Concerns that such tests could create a genetic underclass led Holland, France and Norway to ban the use of tests by insurers .

The Government has chosen to reject advice from the Human Genetics Advisory Commission which recommended a moratorium on the use of information from tests for genetic illnesses. Ministers have decided instead that insurers should be able to use the results subject to the Genetics and Insurance Committee agreeing a test's technical reliability.

The Genetics and Insurance Committee, an advisory body reporting to the Department of Health, believes some people at risk of Huntington's chorea may benefit. The test for the disease detects a genetic "stutter", a repeat of genetic code. Normal people have under 39 copies of this stutter. But sufferers have more than 39 - the longer the stutter, the earlier the disease will strike.

The committee argues that by allowing insurers to have access to this information, a member of an affected family who tests negative will be able to get insurance more easily than at present. Those with a version of the gene that is linked to the late onset of the disease should be able to obtain standard health insurance when they are younger.The overall level of premiums should be lower than if the use of tests by insurance companies was banned, said the committee.

Prof John Durant, chairman of the Genetics and Insurance Committee, stressed that nobody would be asked to take a genetic test by an insurance company. Rather they would be expected to disclose the results of any genetic tests they had undergone. This would not be a legal obligation, but insurance companies would have the right to refuse to offer insurance if a customer refused to reveal details.

Mary Francis, the Director-General of the Association of British Insurers, said that this was an extension of current practice, with companies already asking potential customers about family history of disease. Critics fear that vulnerable groups could find it difficult to get a mortgage or life insurance. Sue Watkin, chairman of the Huntington's Disease Association, said: "Our main concern is that people at risk of late onset genetic disorders should be able to get insurance of some kind up to a certain level."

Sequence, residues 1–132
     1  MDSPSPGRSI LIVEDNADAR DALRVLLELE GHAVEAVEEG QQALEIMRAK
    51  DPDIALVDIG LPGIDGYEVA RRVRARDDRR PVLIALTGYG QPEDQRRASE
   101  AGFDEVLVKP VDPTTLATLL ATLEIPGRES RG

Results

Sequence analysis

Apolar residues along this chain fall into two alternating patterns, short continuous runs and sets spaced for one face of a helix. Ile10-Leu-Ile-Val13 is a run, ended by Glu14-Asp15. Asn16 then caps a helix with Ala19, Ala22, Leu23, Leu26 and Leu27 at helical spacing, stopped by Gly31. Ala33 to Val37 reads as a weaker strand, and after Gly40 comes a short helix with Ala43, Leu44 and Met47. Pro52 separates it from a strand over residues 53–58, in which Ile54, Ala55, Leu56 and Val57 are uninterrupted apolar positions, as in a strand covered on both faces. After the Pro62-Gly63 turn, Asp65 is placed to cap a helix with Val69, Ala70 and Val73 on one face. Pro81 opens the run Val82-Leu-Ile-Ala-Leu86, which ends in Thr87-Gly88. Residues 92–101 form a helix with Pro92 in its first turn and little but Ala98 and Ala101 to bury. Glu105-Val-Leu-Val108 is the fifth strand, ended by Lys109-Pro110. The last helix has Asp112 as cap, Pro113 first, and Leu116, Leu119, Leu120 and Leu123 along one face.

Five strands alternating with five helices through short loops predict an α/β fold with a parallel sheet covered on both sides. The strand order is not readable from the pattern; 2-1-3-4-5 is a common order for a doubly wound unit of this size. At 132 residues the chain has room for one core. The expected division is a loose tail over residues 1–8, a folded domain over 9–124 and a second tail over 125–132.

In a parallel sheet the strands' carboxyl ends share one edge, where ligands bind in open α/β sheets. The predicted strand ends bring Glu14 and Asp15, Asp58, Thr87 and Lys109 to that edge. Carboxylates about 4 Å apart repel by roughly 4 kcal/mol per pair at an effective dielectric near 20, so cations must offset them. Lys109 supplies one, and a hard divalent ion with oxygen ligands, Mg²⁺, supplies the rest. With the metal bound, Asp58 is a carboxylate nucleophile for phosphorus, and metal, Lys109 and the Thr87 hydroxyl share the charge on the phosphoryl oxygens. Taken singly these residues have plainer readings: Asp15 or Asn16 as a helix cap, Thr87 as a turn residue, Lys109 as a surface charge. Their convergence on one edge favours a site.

The National Consumers' Council feared that people would be put off having tests in case the results might count against them - with a possible knock-on effect on their health. The Human Genetics Commission said that it would launch a public consultation about the use of genetic information, which would include insurance issues. The vice-chairman, Prof Sandy McCall Smith, said: "We will find out whether the insurance industry's use of genetic test results leads to genetic discrimination.

Paul Tully, general secretary of the Society for the Protection of Unborn Children, said genetic screening could put pregnant women under pressure to have babies aborted if they were found to be carrying a defective gene.

11 Oct 00 - GMO - Wrong beet grown at two GM trial sites

By Charles Clover, Environment Editor

Telegraph ... Wednesday 11 October 2000

Aventis, the biotech company, planted an unauthorised variety of GM sugar beet at two sites in England this year while carrying out authorised trials into a herbicide resistant beet , the Government said yesterday.

The Department of the Environment, Transport and the Regions ordered an investigation of the unauthorised release by the Central Science Laboratory, the enforcement authority for GM releases, which will advise whether the company should be prosecuted .

The Department's expert advisers, the Advisory Committee on Releases to the Environment, said that there was no threat to human health or the environment. Less than 0.5 per cent of an unauthorised kind of herbicide resistant sugar beet was planted in the two small-scale trials.

The company discovered a "background" level of the wrong GM variety when it came to destroy the crops . The department said that the trials were now finished and the sites had been cleared of all GM material. Adrian Bebb, GM campaigner at Friends of the Earth, said: "This is yet another cock-up by the biotech industry."

11 Oct 00 - GMO - Acceptable GM Contamination of Seed (MAFF)


MAFF ... Wednesday 11 October 2000

(UK Correspondents Note:

This "coded" press release is about the permissible level (0.5%) of GM seed contamination in batches of seed sold as non-GM. In other words, how much GM seed can be incorporated by Biotech companies without having to inform the purchaser.

This has three effects:

Firstly, it provides a mechanism for Biotech companies to infiltrate GM DNA into the UK bypassing the MAFF testing programme.

Secondly, as GM DNA can be introduced to the UK by the back door, possible objections to full scale planting are negated (i.e. what's the point of objecting to a GM variety if its genetic contamination is already here).

Thirdly, and most importantly as far as MAFF is concerned, it eliminates the possibility of consumer choice not to consume GM crops.

Note in the following EU meeting minutes that seed testing is only required for "large scale" planting, thus enabling MAFF & the Biotech companies to unlimited levels of GM contamination in "small scale" plantings.

Sadly, both MAFF and it's new subsidiary the Food Safety Agency are still in the pockets of the Biotech companies)


10 October 2000


The European Commission has published interim measures for dealing with the adventitious presence of genetically modified seed in conventional seed.